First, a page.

The Marriage Fallacy

With the recent gay rights advancement in New York, I thought it time I voice my views on gay marriage. There seem to be two arguments against it. First, is the idea of marriage sanctity. Second the idea that homosexuality is a sin. Let’s break this down, shall we?

I’ll skip the “sin” nonsense because religion is a method to control people and as such the concept of sin is as well. There is good and there is bad. Nothing will cause you to burn forever in a hell. That’s childish idiocy. Either you do good things to help society or you don’t.

Christians and the GOP love to claim that marriage is a privilege only to be enjoyed by heterosexuals. Thus the Defense of Marriage Act. What is so sanctified about marriage? Webster defines “Sactity” as holiness or sacred. If it’s so sacred or holy, why do 46% of marriages end in divorce? Let alone the adultery rates. Marriage hasn’t really been relevant in decades. It used to be a way of declaring to the world undying love for your spouse. Now it’s merely a legal tool to share health benefits or tax breaks.

We are at a philosophical cross road. Conservatives are clinging to an antiquated idea. They fear irrelevancy. The truth is that love is fleeting and humans rarely find their soul mates. In the mean time, people should be able to express that love without fear of retribution. Gay people, like straight people, love whomever they love. No one can take that away. Allowing them to marry simply lets them make it official. I’m sure their divorce rates will be just as high as straight divorces. While they are married, they should be able to enjoy the same rights as everyone else. Blocking them from getting married is as rational as blocking blondes from marrying.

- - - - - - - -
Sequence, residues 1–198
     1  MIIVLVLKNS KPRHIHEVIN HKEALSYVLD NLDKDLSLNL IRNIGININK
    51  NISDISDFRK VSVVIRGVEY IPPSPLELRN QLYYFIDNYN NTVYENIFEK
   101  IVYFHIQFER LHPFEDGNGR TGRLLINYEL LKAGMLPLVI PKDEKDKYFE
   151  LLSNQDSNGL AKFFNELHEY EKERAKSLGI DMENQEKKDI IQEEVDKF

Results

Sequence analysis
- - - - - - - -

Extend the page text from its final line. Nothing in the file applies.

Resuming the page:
I doubt any rational person buys into the “slippery slope” rhetoric you see on Fox News. They just fear realizing they were wrong. That’s it. Just like racism, those in power are afraid of losing that power. When they lose the power they hold over others, they are faced with equality, which is something they can’t accept.

Let people be people. Treat them as people. It’s not like it affects anyone else. You know the difference in my day when Bob and Tom get married? NOTHING. I still go to work, pay my bills, watch TV and play with my cat. You know the difference in Bob and Tom’s day? They get to be respected as humans and equals.

God forbid. Oh. Wait. God’s not real, and neither is the marriage fallacy.

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